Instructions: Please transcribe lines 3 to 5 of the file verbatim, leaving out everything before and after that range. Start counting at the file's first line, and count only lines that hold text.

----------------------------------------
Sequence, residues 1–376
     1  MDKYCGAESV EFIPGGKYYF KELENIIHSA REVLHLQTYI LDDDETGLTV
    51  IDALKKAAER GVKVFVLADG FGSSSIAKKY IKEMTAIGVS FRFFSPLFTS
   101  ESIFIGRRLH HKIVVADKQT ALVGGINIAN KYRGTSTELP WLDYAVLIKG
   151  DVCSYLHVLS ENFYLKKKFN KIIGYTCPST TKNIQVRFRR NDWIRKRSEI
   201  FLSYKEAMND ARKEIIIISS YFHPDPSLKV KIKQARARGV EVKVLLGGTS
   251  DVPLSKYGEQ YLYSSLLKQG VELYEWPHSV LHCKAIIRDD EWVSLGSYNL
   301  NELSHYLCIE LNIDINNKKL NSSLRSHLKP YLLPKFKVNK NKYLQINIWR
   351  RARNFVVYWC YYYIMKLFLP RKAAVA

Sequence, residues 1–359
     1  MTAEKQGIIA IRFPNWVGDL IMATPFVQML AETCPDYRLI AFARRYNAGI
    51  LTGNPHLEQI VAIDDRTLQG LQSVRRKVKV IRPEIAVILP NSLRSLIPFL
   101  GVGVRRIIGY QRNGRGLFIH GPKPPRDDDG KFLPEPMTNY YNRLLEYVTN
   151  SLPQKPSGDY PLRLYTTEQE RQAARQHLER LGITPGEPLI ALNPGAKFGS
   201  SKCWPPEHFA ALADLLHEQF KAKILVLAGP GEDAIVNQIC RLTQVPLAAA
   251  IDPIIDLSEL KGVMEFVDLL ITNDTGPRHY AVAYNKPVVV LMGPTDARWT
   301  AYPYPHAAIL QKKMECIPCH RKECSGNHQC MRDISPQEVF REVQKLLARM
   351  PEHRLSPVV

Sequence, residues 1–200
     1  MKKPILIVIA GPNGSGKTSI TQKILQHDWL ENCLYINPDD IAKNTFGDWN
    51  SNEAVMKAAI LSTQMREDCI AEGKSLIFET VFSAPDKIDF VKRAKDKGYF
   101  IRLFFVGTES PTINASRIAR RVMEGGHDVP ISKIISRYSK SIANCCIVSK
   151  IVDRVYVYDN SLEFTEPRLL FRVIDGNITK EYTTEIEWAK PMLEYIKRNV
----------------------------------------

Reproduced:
    51  IDALKKAAER GVKVFVLADG FGSSSIAKKY IKEMTAIGVS FRFFSPLFTS
   101  ESIFIGRRLH HKIVVADKQT ALVGGINIAN KYRGTSTELP WLDYAVLIKG
   151  DVCSYLHVLS ENFYLKKKFN KIIGYTCPST TKNIQVRFRR NDWIRKRSEI